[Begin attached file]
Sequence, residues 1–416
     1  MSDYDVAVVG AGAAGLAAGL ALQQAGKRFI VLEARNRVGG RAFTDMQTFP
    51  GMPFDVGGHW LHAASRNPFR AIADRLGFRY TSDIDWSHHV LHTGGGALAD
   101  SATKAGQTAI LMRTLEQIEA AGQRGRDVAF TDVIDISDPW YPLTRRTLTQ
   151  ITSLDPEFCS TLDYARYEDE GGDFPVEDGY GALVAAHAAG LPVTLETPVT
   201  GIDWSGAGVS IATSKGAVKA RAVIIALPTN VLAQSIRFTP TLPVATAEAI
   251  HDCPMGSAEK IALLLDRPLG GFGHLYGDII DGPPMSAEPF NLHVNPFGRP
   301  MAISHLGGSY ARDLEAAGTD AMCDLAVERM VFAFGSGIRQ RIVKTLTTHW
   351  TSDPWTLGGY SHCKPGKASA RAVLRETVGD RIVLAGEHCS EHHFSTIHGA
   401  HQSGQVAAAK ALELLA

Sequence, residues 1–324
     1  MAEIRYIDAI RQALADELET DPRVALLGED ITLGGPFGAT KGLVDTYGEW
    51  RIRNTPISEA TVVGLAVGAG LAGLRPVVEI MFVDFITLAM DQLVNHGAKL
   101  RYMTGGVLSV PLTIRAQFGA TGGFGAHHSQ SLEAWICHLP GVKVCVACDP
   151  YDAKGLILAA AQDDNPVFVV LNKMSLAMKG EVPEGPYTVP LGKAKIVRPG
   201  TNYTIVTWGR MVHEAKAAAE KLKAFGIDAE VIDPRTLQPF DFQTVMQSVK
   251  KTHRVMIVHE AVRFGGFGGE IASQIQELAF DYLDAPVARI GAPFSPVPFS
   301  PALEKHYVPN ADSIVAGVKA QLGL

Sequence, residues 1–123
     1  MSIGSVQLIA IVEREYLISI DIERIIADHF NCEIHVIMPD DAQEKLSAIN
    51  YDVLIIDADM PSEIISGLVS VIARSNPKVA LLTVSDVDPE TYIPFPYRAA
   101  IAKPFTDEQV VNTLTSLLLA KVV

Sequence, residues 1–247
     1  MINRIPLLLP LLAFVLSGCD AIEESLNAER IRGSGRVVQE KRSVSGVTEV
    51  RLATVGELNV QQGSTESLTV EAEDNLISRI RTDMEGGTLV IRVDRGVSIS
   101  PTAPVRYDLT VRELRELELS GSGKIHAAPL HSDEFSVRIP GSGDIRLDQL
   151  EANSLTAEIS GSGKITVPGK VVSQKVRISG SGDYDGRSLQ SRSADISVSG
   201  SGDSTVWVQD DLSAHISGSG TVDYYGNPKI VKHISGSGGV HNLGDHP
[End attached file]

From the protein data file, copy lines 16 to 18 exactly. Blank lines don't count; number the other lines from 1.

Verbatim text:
   201  TNYTIVTWGR MVHEAKAAAE KLKAFGIDAE VIDPRTLQPF DFQTVMQSVK
   251  KTHRVMIVHE AVRFGGFGGE IASQIQELAF DYLDAPVARI GAPFSPVPFS
   301  PALEKHYVPN ADSIVAGVKA QLGL